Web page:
Wide Awake: The Plunge – Part II
Yep, I did it. And it was cold.

Last month, I wrote about my plan to participate in the Polar Bear Plunge. I put it out into the world that I would be running into icy water on New Year’s Day, even though I’m always cold. I was afraid, and I was nervous, and I was freezing. But when the horn went off, I ran in.

I decided to take the plunge – and Joe said he would join me – after hearing former TV reporter Lu Ann Cahn speak about a special project, where she did something new every day for a year. (See her story on p. 20.) Lu Ann motivated me, and I was ready to, as she says, “do the new.”

But when temperatures here took a dive right around Christmas Eve, I started to panic. I imagined what the ice-cold water would feel like and wasn’t sure if I could follow through. But then I pictured myself writing this column and saying I chickened out. That would be worse than the cold, so I was going in – somehow.

I turned to Google for help and found checklists to help me prepare, but most are for people taking the Plunge in places like Michigan, where I now know it takes about 10 minutes for hypothermia to set in. The internet did say I should be most concerned with what I do when I come out of the water. So I packed two towels, sweatpants, a turtleneck, a sweatshirt and a windbreaker. I also wore UGGs and heavy wool socks. They were the first things I put on when I came out.

So here’s the killer about the Plunge: To get to the deeper water, you have to run for about 100 feet in water that comes mid-calf. Your feet immediately start to freeze and feel numb (and really, immediately). It’s like you’re running, and your feet have turned into bricks. My concern turned from being too cold to “My feet are about to stop moving.” It was like my body was trying to stop me, because it didn’t like what I was doing. I started running faster because I definitely wanted to make it to the deeper water. You can’t do the Plunge half way.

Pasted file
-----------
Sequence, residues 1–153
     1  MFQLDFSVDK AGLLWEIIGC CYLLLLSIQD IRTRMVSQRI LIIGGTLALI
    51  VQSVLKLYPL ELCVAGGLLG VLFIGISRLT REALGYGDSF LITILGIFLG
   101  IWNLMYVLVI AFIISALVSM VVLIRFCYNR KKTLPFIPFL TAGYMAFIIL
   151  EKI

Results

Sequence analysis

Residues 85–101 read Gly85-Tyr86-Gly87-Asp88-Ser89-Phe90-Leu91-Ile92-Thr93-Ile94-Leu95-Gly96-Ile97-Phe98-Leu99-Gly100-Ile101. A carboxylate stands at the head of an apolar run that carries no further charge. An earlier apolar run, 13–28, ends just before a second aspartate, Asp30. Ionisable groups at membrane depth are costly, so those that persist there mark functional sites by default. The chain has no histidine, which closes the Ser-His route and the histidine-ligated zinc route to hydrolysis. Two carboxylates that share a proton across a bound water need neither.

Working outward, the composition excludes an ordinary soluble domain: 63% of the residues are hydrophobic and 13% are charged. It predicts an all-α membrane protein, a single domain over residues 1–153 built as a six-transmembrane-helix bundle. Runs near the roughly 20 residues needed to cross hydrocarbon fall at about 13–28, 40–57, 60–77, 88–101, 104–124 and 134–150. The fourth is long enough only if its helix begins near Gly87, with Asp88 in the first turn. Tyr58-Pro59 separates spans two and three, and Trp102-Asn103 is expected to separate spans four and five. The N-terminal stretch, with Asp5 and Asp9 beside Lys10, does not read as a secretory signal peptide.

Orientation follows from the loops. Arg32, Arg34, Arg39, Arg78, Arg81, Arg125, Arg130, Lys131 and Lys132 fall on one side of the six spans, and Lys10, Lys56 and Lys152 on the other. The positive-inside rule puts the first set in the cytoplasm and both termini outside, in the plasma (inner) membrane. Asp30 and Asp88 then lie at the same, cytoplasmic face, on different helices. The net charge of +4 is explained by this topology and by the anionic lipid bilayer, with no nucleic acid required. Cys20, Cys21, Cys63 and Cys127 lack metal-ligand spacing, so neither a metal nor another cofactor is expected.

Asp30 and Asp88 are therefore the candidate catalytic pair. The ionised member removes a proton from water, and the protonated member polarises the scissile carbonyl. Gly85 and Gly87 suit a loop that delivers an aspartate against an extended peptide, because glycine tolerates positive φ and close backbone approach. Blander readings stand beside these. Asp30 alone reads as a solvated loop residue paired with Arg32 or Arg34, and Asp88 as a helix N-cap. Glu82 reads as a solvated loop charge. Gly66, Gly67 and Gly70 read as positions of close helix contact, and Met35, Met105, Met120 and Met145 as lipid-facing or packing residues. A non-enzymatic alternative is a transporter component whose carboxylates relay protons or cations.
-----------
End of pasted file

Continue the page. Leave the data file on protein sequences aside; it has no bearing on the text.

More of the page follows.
Joe was ahead of me. His goal was to dive into a wave, so we had agreed he would just go on his own. But when he got to the deeper water, a wave knocked him over, and once he came up, he realized it was too cold to continue, so he started to run back. He said he was sure I would already be back on the shore, but then he saw me still running out. When he saw me, he waved his arms and yelled, “No, go back, go back.”

I was only in about waist deep, and I wasn’t ready to go back, but Joe had this look on his face that made me think there might be enemy ships ahead, so I turned around. Before I did though, I ducked down to get wet. There was no way I wasn’t completing this 100 percent.

Then we ran the 330 miles back to shore with ice bricks attached to our feet.

The cold had taken my breath away – literally – and I couldn’t talk for about two minutes. Our kids were there to take pictures and video, hold towels and just make sure we made it out alive. 

My goal with taking the plunge was to zap my brain into trying new things to maybe add some energy and excitement into my life. But when I was on the beach that day, there hadn’t been a lightning bolt or any wave of change sweeping over me. I didn’t think anything was different, because I still felt like me.

But in the month since the Plunge, I’ve gone to yoga at the Philadelphia Art Museum (twice). Joe and I went to hear an astronaut speak (awesome), we painted our family room walls navy blue (love it), and I ate a beet salad at a new restaurant (ok, I don’t have to like everything). But it’s like my brain thinks, “Oh, yeah, we do new things now.”

So maybe it’s correct to feel I’m still me. Maybe I just have some new things to look forward to in the year ahead. And that is exactly why I planned to take the plunge, and exactly why I kept running when my body wanted me to go back. Here’s to a happy new year.

If you’d like to see video of Joe and I taking the plunge (it isn’t pretty), check out my Instagram @mariannealeardi.

February 2019
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